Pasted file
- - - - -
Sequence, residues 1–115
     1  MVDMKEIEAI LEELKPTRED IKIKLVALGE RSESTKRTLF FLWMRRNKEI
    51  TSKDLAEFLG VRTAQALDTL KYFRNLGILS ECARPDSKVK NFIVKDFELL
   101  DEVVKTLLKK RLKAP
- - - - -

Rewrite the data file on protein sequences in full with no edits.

Sequence, residues 1–115
     1  MVDMKEIEAI LEELKPTRED IKIKLVALGE RSESTKRTLF FLWMRRNKEI
    51  TSKDLAEFLG VRTAQALDTL KYFRNLGILS ECARPDSKVK NFIVKDFELL
   101  DEVVKTLLKK RLKAP